Socialization, part 2

January 7, 2009

By Dianna Young

Dogs need to be socialized properly to people, to other animals and to a wide range of experiences in order to take their place confidently and appropriately in your life. The period of optimum opportunity presents only a narrow window in which to do it — from 7 weeks to 16 weeks of age — and it’s important not to let that slip by. Afterwards, while it still is possible to socialize canines, the experience will not be as easy for the animal or as effective.

Why do we need to socialize canines, and what is the best way to do it? Dogs that aren’t properly socialized to people, for example, often grow up to be biters. They may be accepting of members of their human family but at the same time react to people outside their own pack with aggression that’s based on fear. To avert this, take him where people gather. Visit parks and street fairs. See that he’s exposed to different kinds of people; women and men, children of various ages, various ethnic groups. Children are a particularly important category, especially running, shouting children. If you have none of your own, borrow some. Utilize nieces and nephews, or introduce your pup to neighborhood kids or to the Little League team that plays on Saturdays in the local park.

Your pup doesn’t have to actually meet the people you expose him to. He just needs to know that they are out there; that there are lots of people besides the handful who exist inside the security of his own four walls, and that they don’t pose a threat to him.

If you enjoy riding in your car with your dog, start your pup early. Some dogs get to ride in a car only once a year, to go to the vet’s office for booster shots. That can be quite an ordeal for all involved.

Introduce your pup to loud noises. Take him down to the station to watch the Amtrak come through. And if you’re rearing a future gun dog, you’ll want to expose him to the sound of gunshots, of course.

How should you conduct your dog’s exposure to new things? First, put a collar on your pup and attach it to a six-foot leather leash. This puts your pup into a controlled environment, and puts you in control of the environment. Then, think about your own behavior. This is absolutely critical, because you will tell your animal how to feel about what he’s experiencing, whether it’s fireworks, gunfire or a screaming ambulance. He will look to you for leadership, and will take his cue from your demeanor.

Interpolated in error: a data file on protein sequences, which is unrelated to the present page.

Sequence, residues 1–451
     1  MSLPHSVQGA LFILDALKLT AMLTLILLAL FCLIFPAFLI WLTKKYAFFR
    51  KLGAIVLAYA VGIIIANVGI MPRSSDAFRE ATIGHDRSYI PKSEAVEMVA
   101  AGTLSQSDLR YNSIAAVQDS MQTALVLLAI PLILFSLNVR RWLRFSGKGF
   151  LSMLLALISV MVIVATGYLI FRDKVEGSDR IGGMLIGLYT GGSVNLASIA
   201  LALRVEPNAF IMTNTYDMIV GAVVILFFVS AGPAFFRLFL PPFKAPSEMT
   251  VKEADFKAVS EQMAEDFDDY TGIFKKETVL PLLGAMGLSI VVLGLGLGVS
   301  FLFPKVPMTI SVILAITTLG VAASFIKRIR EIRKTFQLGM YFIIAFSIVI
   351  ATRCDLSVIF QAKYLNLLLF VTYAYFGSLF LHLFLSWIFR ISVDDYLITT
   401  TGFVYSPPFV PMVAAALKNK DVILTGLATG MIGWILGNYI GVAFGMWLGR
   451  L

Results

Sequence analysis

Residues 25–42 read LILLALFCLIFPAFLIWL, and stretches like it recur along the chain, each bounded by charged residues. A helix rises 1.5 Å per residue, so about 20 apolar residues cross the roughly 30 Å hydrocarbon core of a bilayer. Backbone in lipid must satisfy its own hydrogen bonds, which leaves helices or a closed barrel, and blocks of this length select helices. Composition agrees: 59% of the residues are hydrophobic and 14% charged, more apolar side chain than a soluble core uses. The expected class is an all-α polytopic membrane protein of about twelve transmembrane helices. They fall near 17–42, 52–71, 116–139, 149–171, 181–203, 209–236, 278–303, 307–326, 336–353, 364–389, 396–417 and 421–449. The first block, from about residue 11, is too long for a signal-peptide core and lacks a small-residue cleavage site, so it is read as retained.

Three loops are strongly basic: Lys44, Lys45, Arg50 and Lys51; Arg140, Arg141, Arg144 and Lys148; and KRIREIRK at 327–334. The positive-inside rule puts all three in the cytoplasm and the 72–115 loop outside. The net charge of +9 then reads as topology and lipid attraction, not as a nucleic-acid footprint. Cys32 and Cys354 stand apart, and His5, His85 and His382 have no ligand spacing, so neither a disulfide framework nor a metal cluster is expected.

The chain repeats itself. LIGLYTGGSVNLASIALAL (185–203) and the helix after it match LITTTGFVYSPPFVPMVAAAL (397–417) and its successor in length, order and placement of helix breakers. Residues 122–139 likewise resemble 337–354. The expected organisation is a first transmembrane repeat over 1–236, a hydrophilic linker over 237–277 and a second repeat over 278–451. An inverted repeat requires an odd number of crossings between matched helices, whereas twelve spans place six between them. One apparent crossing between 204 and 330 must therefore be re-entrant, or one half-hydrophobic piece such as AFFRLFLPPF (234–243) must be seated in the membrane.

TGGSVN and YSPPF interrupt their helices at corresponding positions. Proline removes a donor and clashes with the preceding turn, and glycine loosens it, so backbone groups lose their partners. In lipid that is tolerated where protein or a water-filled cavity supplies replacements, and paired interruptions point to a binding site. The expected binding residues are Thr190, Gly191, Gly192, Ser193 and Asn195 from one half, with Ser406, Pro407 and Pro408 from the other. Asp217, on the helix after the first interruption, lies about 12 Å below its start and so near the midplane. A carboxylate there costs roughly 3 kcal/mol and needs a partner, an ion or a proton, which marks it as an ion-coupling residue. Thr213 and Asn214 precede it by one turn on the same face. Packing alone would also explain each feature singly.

When you take him down to see the Amtrak train come by, for example, it’s important that your pup see that its noise doesn’t alarm you or repel you. Don’t pick him up at a critical moment; your dog has to experience life on his own four feet, whether he’s four pounds or 150 pounds. Your goal, however, is to redirect his mind while he’s experiencing something new.

Since a dog can focus on only one task at a time, give his mind something to work on while he’s undergoing the new experience. If your dog has had obedience training, this could be as simple as holding him in a “sit” position. If he’s busy holding a “sit,” he doesn’t have the ability to focus on a train that may make him feel insecure. If he’s not that far advanced, you can distract him by attempting to show him how to sit, or by directing his attention to a treat in your pocket or to a toy.

The hours that you invest in proper socialization when your pup is in the open-window period will pay off in many years of rewarding companionship with a stable, dependable, enjoyable canine companion.

Dianna Young is a certified, professional dog trainer and canine behaviorist from Camano Island, where she operates Camano Island Kennels Dog Boarding and Training Facility. She can be reached at (360) 387-DOGS or at info@camanoislandkennels.com. Her web site address is http://www.camanoislandkennels.com. Or visit us at facebook.

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